By Paul Weber
In a crisis, virus, financial or otherwise, here’s how to adjust your marketing plan to stay calm and advertise on.
Coronavirus is having ripple effects on the economy to which businesses of all sizes are not immune. Supply chains are disrupted. Consumers are being cautious with spending, yet also concerned with shortages of supplies available. The stock market is falling, and even briefly closed after a steep decline shortly after opening bell. Yes, the pandemic’s threat is real, and it is upon us.
Our clients are in the midst of conducting situational analysis and considering how their marketing plans should be adjusted in reaction to the crisis. Although marketing plans are unique to each business, here are some historically proven guidelines to follow.
Create Contingency Plans Now
Do not do nothing while waiting to see if the situation worsens or improves. Managing a crisis is as much about timing as it is making the right decisions. The sooner you have a plan in hand, the more confident you will be in your course of action over the short and long term.
Communicate Early and Often
Uncertainty is the enemy of any business. Uncertainty on your customers and their customers’ parts results in hesitation, slowing sales and a deflated bottom line. If your business will be impacted by supply chain interruptions, let your customers know now. Give them constant updates and stay ahead of what they may hear from other sources.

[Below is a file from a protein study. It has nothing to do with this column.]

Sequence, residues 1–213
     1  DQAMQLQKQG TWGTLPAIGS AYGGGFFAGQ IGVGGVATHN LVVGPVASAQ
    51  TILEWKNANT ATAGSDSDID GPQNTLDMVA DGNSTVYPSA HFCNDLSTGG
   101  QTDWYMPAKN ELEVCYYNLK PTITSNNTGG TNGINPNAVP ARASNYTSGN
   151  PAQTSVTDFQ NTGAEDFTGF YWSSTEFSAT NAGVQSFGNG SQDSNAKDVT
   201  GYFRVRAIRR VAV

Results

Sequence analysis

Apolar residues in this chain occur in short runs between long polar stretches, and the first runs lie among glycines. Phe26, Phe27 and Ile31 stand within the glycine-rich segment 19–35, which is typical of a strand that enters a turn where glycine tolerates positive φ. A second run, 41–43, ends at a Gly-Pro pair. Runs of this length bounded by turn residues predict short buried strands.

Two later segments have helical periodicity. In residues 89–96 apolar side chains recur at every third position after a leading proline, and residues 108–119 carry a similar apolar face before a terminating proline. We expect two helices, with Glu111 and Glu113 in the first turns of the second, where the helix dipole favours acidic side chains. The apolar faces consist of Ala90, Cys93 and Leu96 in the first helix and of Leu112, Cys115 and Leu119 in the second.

Similarly, if you don’t expect business interruptions, say so. Customers get their information from many sources. Make sure you are their primary source of information as it pertains to doing business with you.
Defer Non-Critical Spending
For some, reducing marketing budgets may be or become a necessity. With a plan already in mind, you won’t make the mistake of cutting the wrong budget line items and suffering negative consequences when the crisis subsides and the market rebounds.
Major projects that can wait until better days might include rebranding, a new website or any initiative that doesn’t drive direct sales, such as lead generation campaigns.
We caution against pulling back on marketing strategies that will create a compounding negative impact over time. For example, cutting search engine optimization (SEO) and website maintenance may result in a decline in Google ranking. Catching up down the road could be a long, difficult process.
Invest in Your Existing Customers
There are direct and hidden costs of new customer acquisition. Keeping a current customer is always better (and cheaper) than investing in attracting a new customer. First and foremost, protect your current customer base and prioritize existing customers over new business opportunities.
For some, this is a tough pill to swallow since business-as-usual equates growth to new business, however, this isn’t a business-as-usual time.
For the Brave, Be Aggressive
For some brands, a crisis presents an opportunity. Aware that their competitors may struggle through a downturn, companies that are prepared can get aggressive. Taking advantage of a weakness in the marketplace is often the strategy of industry leading companies, pulling market share from competitors who are waiting for better times.
If nothing else, spend time with your marketing partner talking about the market and the economy. If you are not yet prepared to face a crisis head on, it won’t take long to map out a plan and improve your ability to ride out any pandemic or plunge.